America is a land of many options and tastes. There are roughly 300 million people in the U.S. and no two are exactly alike. And the same can be said of self-storage investors. So what are the types of buying decisions you have to make before looking for a storage facility to buy.
What areas of America do you feel strongly about investing in? What region? Part of this may be based on where you live, but the better reason is where you feel the future of America is shifting. Remember that self-storage – like all real estate – is built upon the foundation of location, location, location. Some regions have been sleepers for decades (like Alabama and Georgia) and others have been perhaps too overheated for decades (California and Washington). But where do you think things will be in the future? That’s what’s important.
Size of deal
For most buyers, this is a function of down payment. So take your available capital and multiply by five and that’s probably around the size deal you are looking for. That’s not to say you can’t expand that range with a partner or a willing seller who will carry the financing.
Are you bankable? Are you OK with carrying debt and, if so, at what LTV ratio? Some people are only comfortable with 50% LTV (loan-to-value ratio) while others may be perfectly fine with 90% LTV. Obviously, the higher the ratio the higher the risk. Also, are you OK with signing recourse loan documents, or are you only agreeable to non-recourse debt (debt in which the most you can lose in a foreclosure is the amount of down payment)? This must all be decided.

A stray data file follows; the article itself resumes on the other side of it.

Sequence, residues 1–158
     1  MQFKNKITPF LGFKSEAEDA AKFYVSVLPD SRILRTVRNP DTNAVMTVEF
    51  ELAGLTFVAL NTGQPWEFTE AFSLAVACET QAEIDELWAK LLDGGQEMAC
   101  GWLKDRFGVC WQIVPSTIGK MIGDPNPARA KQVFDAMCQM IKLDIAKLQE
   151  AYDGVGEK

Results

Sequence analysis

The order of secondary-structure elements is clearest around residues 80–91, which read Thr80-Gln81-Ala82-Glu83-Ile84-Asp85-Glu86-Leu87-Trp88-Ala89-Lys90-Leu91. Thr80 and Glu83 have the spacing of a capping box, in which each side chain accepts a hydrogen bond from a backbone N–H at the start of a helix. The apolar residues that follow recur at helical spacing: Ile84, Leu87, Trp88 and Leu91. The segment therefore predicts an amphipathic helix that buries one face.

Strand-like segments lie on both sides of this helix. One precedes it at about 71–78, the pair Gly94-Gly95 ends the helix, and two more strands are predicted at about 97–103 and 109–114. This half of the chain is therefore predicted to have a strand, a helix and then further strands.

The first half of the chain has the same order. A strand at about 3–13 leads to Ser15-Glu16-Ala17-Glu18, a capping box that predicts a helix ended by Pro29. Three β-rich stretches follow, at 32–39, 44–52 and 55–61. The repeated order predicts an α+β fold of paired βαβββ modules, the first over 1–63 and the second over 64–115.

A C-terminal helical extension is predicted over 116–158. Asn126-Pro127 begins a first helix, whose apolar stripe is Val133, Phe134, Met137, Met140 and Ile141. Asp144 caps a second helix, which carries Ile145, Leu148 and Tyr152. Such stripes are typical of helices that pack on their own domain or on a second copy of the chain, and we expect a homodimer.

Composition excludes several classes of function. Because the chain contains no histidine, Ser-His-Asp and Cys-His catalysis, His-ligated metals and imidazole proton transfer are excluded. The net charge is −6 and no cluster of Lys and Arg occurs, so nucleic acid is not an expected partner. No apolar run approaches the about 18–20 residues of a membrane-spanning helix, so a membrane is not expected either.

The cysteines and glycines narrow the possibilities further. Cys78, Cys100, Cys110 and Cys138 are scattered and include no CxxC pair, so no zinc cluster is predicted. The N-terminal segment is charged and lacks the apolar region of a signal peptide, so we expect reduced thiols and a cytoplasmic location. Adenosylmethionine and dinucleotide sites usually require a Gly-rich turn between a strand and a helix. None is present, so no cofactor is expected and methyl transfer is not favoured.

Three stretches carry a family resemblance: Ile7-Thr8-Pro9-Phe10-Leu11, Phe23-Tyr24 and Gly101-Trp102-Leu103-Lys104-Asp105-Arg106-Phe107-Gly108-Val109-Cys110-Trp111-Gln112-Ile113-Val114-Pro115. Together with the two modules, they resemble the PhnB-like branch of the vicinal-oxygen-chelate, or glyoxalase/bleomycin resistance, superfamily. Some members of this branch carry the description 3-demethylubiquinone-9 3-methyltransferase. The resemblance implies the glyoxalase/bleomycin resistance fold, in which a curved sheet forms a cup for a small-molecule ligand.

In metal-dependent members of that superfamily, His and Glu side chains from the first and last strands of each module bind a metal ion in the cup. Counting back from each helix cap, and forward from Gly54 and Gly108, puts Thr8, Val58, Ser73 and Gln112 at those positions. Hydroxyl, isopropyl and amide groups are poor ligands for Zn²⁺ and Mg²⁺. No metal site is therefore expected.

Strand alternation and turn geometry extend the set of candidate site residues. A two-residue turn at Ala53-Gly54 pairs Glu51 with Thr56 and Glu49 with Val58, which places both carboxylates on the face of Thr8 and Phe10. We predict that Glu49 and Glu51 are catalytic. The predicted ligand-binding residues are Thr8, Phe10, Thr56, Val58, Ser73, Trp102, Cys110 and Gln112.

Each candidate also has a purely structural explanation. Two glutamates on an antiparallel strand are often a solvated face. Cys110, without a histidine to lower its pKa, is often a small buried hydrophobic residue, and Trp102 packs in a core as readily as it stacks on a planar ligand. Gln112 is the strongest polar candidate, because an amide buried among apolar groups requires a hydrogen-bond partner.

What cap rate are you comfortable with (or, effectively, what level of return)? The “cap rate” is what you get when you divide the net income by the cost of the deal (the industry norm is around 5% to 8%). Obviously, the higher the cap rate, the more money you’ll make, but there’s also the issue that the lower the cap rate – typically – the lower the risk of the deal hitting its targets.
Ability to push cash flow
Most of the positive cash flow that comes from a storage facility after purchase (except for 25 years into the future when the property’s mortgage is paid off) comes from improving the occupancy and pushing the rents (also cutting the costs in some cases). But some storage properties are already at 98% occupancy and full market rents, so there’s not much you can do to create additional net income. How important is that to you?
There are roughly 45,000 self-storage facilities in the U.S. These come in a wide variety of sizes and prices and, of course, locations. It’s important to honestly assess what you’re wanting before you even begin to look at – and make offers on – deals.